In all the surveys, interviews, and focus groups conducted for this project, not one of the student participants said they would be happy to leave university without having experienced a group project. However, they like them to be fair, efficient, and worthwhile.
This website includes resources, tips, and case studies from lecturers who have group projects in their courses. Group projects can be run in many different ways; don’t discount either the benefits that come from a small project or the deep learning that comes from a large project.
Successful groupwork examples
As part of the research underpinning these groupwork resources, we interviewed various academics who are already using groupwork, to provide some examples of the challenges and benefits of using groupwork. These people have learnt by trial and error what works for them and their students.
Kate Daellenbach describes how she uses groupwork in a 300-level Arts Marketing course, providing lots of reasons why she uses groupwork, and some practical tips.
Chris Eichbaum uses groupwork in 300-level Public Policy courses as well as a Master’s class, utilising web-based tools like wikis, and alternative styles of presentation like posters.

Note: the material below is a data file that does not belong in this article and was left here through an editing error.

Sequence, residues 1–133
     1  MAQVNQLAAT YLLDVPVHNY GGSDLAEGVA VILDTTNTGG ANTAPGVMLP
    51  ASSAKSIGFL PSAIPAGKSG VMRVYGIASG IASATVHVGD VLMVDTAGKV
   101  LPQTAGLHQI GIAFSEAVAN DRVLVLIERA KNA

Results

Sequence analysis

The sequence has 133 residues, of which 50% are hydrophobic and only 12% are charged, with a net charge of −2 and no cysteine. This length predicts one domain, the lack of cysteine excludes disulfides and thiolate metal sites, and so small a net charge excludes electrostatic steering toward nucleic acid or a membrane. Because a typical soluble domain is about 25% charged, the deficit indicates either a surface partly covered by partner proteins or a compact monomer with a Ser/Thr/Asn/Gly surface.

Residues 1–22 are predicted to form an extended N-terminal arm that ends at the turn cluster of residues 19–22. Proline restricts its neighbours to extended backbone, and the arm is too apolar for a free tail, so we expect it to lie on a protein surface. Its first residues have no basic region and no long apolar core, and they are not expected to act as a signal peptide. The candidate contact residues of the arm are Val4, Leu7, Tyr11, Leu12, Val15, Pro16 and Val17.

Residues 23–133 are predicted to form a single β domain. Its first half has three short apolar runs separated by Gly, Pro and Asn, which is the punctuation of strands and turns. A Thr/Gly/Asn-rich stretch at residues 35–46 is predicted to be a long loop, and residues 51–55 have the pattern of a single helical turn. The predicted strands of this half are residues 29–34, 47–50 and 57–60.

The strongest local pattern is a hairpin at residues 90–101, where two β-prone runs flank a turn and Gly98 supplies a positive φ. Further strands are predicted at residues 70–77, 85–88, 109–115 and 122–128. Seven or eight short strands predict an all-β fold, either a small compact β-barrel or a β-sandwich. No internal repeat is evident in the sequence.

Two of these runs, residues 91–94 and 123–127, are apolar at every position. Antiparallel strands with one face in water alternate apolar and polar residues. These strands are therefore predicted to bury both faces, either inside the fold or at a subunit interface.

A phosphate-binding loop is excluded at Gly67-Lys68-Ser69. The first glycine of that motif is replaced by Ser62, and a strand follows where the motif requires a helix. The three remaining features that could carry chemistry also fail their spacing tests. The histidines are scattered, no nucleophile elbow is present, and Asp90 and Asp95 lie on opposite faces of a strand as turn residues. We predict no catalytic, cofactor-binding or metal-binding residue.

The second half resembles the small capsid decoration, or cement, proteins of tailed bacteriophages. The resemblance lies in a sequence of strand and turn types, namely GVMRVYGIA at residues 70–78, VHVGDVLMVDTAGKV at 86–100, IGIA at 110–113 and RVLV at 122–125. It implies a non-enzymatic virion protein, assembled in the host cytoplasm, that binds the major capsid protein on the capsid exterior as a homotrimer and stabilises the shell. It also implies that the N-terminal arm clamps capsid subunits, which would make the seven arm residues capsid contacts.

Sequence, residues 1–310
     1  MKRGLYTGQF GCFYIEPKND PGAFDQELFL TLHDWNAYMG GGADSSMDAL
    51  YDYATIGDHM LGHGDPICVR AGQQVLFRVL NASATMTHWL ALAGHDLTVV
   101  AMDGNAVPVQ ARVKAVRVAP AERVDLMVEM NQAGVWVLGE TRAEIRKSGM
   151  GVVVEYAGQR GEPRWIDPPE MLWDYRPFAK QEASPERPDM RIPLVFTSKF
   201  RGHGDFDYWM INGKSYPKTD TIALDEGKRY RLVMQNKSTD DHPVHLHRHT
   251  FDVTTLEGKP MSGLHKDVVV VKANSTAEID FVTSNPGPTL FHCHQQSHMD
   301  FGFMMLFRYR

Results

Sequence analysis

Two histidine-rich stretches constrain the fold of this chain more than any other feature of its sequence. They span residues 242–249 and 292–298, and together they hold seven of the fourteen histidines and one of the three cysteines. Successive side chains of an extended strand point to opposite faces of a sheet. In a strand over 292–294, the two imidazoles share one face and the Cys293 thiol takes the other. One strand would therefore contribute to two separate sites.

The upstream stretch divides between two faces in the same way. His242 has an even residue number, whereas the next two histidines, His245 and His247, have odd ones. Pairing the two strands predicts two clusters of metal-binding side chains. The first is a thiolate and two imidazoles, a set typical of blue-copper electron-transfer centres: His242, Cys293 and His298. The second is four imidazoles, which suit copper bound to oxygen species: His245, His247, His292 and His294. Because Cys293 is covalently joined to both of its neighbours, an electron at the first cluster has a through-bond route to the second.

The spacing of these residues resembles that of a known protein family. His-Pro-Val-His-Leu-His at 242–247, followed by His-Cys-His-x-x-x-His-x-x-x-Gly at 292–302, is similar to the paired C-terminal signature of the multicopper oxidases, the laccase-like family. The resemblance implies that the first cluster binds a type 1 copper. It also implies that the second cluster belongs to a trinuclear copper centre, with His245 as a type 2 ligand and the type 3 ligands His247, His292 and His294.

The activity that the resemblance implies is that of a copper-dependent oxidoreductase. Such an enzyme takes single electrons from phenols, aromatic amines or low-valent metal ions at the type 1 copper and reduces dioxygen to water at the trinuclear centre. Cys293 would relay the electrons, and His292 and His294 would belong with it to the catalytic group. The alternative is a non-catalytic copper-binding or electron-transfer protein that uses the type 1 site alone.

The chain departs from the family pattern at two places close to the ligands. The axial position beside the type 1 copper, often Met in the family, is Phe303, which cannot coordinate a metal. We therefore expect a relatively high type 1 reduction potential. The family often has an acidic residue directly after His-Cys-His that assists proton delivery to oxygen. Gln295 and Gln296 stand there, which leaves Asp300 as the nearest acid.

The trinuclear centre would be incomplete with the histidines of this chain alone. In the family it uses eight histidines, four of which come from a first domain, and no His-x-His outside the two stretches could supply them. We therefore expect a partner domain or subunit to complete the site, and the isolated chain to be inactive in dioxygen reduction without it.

Outside Commerce, Linda Hogg describes groupwork in a 300-level Educational Psychology course where groupwork helps students from different countries develop intercultural communication skills.
Finally, back in Commerce, Vicky Mabin describes groupwork in postgraduate Management Decision Making courses that enable diverse groups to practise systems thinking.
Groupwork resource toolkit for teachers
- Before the course: this section contains information and resources that you might find useful before the course starts; you can use these resources during your planning phase.
- Setting the scene: this section contains resources to help facilitate group work in lectures and tutorials. It gives tips for running tutorials in a way that supports the group process, and it includes a suggested structure for the first tutorial. The page also gives tips on how to encourage student interaction in your course, which is a great way to help them feel comfortable working together. It gives tips on introducing group work in a way that encourages a positive reaction from students, and suggests possible icebreakers to use.
- During the assignment: this section includes tips on how to handle group issues that may emerge during the project.
- Other useful resources